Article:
Callan periodic table of investment returns

From Bogleheads
Jump to: navigation, search

First published in 1999,[note 1] the Callan periodic table of investment returns is patterned after Mendeleev's periodic table of the elements[2] and shows returns for 10 asset classes, ranked from best to worst. Each asset class is color-coded for easy tracking.[3][note 2]

Overview

The chart is intended to show the importance of diversification across asset classes (stocks versus bonds), investment styles (growth versus value), capitalizations (large versus small) and equity markets (U.S. versus international).[4]

Refer to the table below. The rankings change every year, thereby demonstrating two key principles of investing:

  • Diversification: by owning the entire market (all of the asset classes), susceptibility to changes in market returns is minimized.
  • Past performance does not predict future performance.


Callan Periodic Table of Investment Returns.png

View full size ©2018 by Callan LLC. Reprinted with permission.

How to read the table

For example: S&P 500 Growth (a measure of the growth style for US large cap stocks). Starting at the left side, this measure ranked:

  • 1998 - 1st
  • 1999 - 3rd
  • 2000 - 8th
  • 2001 - 2004 - 9th (3 consecutive years)
  • 2005 - 8th
  • 2006 - 9th
  • 2007 - 3rd
  • 2008 - 2009 - 5th (2 consecutive years)
  • 2010 - 8th
  • 2011 - 2nd
  • 2012 - 8th
  • 2013 - 4th
  • 2014 - 2015 - 1st (2 consecutive years)
  • 2016 - 8th
  • 2017 - 2nd

Putting the table into perspective

Periodic tables provide a great visual about diversification benefits, but tend to be more qualitative than quantitative. The simple ranking from best to worse notably does not allow one to easily appreciate the scaling of annual returns.[5]

The following dispersion graph (distribution spread of returns over time) is therefore useful to put such a periodic table in perspective. Notice how the difference between the highest return (blue) and lowest return (red) changes over time.


(View Google Spreadsheet in browser, then File --> Download as to download the file.)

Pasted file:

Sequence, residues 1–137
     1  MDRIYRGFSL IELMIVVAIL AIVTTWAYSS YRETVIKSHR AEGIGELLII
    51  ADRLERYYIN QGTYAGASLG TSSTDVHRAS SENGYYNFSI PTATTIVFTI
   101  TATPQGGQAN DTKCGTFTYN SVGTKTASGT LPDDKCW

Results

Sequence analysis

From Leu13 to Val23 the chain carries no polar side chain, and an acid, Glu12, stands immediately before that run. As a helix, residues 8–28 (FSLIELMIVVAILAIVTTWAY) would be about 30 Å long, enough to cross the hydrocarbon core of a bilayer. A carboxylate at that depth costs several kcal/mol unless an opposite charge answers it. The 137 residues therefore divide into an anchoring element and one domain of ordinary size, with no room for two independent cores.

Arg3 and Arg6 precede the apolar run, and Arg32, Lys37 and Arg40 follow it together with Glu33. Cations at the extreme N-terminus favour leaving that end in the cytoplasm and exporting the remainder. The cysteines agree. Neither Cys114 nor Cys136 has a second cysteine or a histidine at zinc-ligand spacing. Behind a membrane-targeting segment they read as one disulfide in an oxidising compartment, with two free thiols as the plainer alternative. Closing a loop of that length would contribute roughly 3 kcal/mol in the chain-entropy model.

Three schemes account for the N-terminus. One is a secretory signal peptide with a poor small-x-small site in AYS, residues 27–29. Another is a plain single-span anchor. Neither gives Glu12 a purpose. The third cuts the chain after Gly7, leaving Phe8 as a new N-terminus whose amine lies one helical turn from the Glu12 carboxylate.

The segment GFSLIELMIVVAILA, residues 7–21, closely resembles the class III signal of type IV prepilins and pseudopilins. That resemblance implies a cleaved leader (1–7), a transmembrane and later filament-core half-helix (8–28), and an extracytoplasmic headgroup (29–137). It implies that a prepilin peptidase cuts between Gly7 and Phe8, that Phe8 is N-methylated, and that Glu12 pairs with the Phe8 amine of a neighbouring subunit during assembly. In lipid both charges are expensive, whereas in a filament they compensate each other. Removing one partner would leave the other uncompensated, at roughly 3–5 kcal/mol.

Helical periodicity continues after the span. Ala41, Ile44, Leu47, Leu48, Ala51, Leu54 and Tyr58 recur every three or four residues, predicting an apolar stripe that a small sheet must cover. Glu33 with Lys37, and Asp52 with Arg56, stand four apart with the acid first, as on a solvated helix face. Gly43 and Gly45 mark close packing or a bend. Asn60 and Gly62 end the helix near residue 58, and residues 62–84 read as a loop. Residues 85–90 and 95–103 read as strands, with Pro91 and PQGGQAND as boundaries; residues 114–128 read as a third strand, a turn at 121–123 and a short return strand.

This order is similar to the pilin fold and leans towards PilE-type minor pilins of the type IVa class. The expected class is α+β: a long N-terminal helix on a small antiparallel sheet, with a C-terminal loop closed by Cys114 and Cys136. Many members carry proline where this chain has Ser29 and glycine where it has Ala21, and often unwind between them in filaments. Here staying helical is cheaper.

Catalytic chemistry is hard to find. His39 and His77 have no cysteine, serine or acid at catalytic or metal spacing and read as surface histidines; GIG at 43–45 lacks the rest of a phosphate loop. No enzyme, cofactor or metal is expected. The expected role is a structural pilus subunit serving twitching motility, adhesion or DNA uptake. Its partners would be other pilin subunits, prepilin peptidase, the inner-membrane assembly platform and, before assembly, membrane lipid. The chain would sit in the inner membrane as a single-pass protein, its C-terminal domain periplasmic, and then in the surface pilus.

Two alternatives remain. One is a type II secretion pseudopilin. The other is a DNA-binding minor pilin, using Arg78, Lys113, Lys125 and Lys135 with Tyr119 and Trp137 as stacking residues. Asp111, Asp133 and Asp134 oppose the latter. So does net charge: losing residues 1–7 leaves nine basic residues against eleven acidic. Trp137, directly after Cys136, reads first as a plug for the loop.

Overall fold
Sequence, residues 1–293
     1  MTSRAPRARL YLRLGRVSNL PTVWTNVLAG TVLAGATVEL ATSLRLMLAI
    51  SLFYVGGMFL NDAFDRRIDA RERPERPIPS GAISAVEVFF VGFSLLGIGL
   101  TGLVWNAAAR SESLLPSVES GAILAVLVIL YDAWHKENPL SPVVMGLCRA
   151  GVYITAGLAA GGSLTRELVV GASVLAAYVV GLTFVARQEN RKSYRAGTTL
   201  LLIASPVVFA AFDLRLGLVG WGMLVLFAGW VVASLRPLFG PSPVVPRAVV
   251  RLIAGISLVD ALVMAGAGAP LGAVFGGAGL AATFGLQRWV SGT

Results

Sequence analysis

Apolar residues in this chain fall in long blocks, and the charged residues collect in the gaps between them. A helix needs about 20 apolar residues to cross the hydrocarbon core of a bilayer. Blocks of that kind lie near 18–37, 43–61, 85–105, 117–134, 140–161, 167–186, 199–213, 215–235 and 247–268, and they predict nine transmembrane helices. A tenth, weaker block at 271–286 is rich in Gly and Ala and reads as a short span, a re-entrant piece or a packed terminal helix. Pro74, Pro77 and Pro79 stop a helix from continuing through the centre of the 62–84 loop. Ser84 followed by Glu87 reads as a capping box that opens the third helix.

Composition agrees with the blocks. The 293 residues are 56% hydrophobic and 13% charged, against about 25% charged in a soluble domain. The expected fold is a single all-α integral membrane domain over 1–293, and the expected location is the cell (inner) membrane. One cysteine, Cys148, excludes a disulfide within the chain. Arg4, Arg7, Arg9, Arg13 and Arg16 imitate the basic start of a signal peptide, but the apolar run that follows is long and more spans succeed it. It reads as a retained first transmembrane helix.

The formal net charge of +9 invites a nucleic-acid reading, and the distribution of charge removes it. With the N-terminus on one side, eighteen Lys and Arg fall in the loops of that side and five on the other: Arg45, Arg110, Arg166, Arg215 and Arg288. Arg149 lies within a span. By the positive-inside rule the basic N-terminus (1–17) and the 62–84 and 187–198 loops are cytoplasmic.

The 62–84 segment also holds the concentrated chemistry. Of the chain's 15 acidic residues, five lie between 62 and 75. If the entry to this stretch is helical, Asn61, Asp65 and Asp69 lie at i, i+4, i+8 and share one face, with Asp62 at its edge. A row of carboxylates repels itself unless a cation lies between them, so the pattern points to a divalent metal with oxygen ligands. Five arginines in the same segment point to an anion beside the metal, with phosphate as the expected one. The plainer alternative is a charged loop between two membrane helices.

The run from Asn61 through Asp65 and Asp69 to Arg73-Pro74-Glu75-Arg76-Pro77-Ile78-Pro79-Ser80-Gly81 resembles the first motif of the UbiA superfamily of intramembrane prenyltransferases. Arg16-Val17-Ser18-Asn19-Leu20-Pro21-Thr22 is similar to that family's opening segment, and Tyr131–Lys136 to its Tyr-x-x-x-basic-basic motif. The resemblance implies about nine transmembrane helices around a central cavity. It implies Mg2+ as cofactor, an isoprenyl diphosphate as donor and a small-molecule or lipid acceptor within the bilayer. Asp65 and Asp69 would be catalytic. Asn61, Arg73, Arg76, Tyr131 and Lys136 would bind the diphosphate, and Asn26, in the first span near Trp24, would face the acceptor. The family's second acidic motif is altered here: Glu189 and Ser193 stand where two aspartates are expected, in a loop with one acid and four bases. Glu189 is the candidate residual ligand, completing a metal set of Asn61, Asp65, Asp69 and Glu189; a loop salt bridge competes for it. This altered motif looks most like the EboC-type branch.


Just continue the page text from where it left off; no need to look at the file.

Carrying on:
In addition, it is challenging to get a sense of returns averaged over a period of time with a periodic table. The following table of statistics is therefore useful to consider.


(View Google Spreadsheet in browser, then File --> Download as to download the file.)

One statistic that is sometimes informative is the "Coefficient of Variation" (CV), which is simply the standard deviation divided by the mean. This is sometimes called the "coefficient of relative variation." It is the inverse of a signal-to-noise ratio, thus it's a noise to signal ratio.[6] The lower the ratio of standard deviation to mean return, the better your risk-return tradeoff.[7]

Over the past 20 years (1998 - 2017), the lowest coefficient of variation is "Aggregate Bonds" (0.69); the highest is World Ex USA (2.77).

Create your own periodic table

A spreadsheet for creating your own periodic table is available in this Bogleheads® forum topic: Playing with Callan's periodic tables of investment returns.

The latest version and download instructions are in this post, which is a direct download from Google Drive.

Detailed instructions and revision history are in the "README" tab.

See also

Notes

  1. Authored by Jay Kloepfer, Director of Callan’s Capital Markets and Alternatives Research.
  2. There were 8 asset classes until 2009. Emerging markets was added in 2010, for a total of 9 asset classes. In 2013, the addition of Barclay's Corporate high yield brought the total to 10.
    In 2017, "MSCI World ex USA" replaced "MSCI EAFE". The entire table was rebuilt using "MSCI World ex USA".

References

External links

Forum discussions